Plan your lessons
You have known for years the importance of planning your lessons carefully. It's not just a matter of knowing what you want to teach; it's also having a clear sense of how you will teach it, and how students will learn it.
It's challenging to develop this kind of long-term vision while managing the daily demands on your time. That's why teachers need to use their time well — to be efficient and effective.
Planning takes time, but it's worth the effort. Effective lesson planning is the key to reaching student success in the classroom and in life. A solid foundation is everything. Take time at the beginning to lay out all the materials you'll need and make sure they're ready beforehand.
When taking time to develop a plan, your curriculum may provide some guidance, but most teachers find they have room to tweak it in order to fit their own style.
Consider not only what you'll teach but also how you'll teach it:
Will there be any different activities or techniques?
What will be the pacing of the lessons?
Do field trips fit in anywhere?
Who will you go to for advice?
These decisions can make a big difference in your experience as a classroom teacher.
Observe other teachers
It's possible to learn a lot about effective teaching simply by watching other teachers, especially those who are highly rated by their students. Observing people who are more effective than you can help you identify elements that work in real classrooms, and it can provide you with the opportunity to ask them questions about how they do things.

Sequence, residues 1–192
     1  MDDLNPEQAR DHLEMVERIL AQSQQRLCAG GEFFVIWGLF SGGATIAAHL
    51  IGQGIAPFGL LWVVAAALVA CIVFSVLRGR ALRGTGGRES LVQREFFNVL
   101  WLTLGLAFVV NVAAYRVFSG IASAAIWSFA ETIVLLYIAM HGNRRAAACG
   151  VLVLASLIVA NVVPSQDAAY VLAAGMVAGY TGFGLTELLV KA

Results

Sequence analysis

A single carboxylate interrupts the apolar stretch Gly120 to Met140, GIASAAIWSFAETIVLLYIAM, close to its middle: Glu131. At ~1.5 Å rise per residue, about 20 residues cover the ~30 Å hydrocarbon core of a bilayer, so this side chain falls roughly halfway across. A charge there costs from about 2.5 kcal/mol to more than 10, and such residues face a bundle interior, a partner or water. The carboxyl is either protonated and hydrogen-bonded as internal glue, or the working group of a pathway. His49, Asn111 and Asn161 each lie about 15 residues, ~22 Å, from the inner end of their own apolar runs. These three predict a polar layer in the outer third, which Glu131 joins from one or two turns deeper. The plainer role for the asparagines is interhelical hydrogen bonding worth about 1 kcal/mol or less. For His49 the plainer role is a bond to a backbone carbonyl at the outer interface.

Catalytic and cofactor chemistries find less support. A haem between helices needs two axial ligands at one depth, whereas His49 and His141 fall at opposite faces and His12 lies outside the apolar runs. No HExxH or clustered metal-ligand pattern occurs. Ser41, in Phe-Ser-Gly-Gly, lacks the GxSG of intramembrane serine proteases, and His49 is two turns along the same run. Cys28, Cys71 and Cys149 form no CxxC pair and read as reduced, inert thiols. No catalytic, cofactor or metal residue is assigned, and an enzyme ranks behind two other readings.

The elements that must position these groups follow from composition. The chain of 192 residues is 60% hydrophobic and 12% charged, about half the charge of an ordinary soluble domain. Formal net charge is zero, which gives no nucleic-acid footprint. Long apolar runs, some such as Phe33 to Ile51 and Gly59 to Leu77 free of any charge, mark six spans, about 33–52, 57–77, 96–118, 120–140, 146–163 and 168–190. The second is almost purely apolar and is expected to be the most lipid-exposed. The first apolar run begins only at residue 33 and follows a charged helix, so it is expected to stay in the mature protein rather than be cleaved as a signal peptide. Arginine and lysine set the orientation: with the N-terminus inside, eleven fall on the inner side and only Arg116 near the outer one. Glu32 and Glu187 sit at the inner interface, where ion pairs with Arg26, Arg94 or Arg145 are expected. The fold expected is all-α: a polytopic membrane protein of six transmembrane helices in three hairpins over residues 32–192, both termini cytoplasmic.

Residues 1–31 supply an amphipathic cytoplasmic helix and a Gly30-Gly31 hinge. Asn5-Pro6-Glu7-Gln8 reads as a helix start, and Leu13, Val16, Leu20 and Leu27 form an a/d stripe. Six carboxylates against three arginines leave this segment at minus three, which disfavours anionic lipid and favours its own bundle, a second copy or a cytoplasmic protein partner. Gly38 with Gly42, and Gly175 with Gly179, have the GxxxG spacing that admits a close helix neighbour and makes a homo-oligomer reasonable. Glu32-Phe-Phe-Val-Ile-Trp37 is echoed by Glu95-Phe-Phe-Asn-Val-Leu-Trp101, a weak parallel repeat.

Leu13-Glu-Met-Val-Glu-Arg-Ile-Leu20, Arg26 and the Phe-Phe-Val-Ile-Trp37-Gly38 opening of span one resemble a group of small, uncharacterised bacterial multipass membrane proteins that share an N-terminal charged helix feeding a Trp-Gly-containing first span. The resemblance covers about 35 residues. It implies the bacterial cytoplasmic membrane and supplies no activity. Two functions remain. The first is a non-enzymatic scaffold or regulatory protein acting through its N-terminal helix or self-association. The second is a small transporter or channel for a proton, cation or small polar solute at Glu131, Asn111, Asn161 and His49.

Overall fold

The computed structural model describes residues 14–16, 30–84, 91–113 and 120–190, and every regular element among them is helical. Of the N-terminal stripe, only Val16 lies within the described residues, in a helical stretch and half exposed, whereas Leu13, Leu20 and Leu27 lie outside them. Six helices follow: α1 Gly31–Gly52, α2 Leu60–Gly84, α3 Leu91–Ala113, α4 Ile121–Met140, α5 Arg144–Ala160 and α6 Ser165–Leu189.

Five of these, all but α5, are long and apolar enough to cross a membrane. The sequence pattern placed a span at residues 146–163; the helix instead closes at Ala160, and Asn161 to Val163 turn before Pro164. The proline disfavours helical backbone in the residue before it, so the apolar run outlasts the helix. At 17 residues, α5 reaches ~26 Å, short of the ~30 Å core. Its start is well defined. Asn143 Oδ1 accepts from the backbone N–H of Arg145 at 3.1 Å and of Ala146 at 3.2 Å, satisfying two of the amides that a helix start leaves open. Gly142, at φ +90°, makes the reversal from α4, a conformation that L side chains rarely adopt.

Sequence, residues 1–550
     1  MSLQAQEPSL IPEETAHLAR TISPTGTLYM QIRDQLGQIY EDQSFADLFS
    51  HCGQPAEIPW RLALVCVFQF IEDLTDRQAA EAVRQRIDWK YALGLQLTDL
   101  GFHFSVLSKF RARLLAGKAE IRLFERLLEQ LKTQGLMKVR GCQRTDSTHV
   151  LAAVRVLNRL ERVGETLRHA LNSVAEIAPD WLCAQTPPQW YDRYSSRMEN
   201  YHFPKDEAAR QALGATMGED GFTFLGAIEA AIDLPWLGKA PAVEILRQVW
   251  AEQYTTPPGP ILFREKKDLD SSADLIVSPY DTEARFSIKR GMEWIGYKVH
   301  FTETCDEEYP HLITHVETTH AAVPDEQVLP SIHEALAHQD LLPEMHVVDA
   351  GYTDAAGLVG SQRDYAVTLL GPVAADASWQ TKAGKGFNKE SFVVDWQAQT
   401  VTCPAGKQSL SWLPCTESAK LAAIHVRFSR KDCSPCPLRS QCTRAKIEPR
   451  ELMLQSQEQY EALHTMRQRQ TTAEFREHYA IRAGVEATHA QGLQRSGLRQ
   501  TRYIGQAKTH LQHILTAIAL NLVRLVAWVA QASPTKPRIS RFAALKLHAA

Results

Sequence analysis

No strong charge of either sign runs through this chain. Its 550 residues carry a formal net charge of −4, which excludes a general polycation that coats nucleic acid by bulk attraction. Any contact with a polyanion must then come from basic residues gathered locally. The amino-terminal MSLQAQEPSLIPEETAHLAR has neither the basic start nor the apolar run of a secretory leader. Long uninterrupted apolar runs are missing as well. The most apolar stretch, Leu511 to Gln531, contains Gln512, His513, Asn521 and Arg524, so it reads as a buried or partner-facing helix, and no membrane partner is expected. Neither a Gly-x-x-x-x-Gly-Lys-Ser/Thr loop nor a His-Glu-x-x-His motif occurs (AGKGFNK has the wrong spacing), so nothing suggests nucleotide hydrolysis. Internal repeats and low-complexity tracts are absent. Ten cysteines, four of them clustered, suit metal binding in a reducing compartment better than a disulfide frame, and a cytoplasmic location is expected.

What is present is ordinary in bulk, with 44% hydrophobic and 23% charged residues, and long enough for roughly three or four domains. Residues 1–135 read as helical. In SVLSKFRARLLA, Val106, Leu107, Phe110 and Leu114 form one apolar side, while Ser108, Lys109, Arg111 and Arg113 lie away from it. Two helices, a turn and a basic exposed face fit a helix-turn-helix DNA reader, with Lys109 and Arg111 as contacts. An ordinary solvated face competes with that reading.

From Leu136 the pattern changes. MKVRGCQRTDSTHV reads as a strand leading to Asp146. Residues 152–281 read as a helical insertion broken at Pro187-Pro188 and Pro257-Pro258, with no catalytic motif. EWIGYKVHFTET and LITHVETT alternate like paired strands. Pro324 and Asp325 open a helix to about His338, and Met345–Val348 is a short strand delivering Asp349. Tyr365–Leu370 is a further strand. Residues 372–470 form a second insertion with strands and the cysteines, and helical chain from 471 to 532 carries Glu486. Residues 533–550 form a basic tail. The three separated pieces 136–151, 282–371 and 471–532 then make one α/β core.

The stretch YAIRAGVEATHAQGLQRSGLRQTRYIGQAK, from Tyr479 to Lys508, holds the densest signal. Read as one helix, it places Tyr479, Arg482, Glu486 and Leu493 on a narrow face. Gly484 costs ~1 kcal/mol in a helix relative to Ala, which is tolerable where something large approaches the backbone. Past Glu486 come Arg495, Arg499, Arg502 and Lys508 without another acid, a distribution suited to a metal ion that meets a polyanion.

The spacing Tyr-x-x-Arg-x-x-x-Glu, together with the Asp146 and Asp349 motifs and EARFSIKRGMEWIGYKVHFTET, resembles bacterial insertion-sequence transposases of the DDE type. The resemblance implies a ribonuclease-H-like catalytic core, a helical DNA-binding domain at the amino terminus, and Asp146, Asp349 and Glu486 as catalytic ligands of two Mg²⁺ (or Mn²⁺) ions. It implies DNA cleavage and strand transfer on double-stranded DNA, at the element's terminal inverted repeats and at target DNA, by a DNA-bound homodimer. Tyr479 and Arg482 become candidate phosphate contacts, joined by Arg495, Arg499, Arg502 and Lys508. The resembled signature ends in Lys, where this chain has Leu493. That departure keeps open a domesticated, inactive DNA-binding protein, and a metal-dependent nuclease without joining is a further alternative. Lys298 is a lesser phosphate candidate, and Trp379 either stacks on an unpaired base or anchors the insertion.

Try out new ideas with colleagues and peers before bringing them into your classroom. Collaboration is an essential part of professional development, and nothing beats bouncing ideas off of one another to get feedback on both content and delivery. If a colleague has an idea for improving a lesson, try it out yourself before passing judgment on it.
What can you gain from creating your own learning profile?
Oh, learning profile — what a wonderful thing you are. I just love the way you come up with so many different ways to track my progress and help me identify gaps in my learner knowledge.
When you take a good, long look at your teaching skills, you get to see what works for and against you in the classroom. Plus, having an honest view of yourself as a teacher will help you develop more effective teaching techniques.
If you know where you fall short in your classroom management skills, for example, it's easier to improve. And if you’re aware of which subjects are challenging for you to teach, you can seek additional help in those areas and be better prepared the next time around.
The teacher learning profile is an incredibly valuable tool that can be used to better yourself as a teacher. So the next time you sit down to plan, before opening your lesson plan template or even delving into the materials you’re going to be presenting in class, take some time to conduct an assessment of yourself as a teacher.
You may find that this small bit of self-reflection ends up being one of your most important building blocks to effective teaching.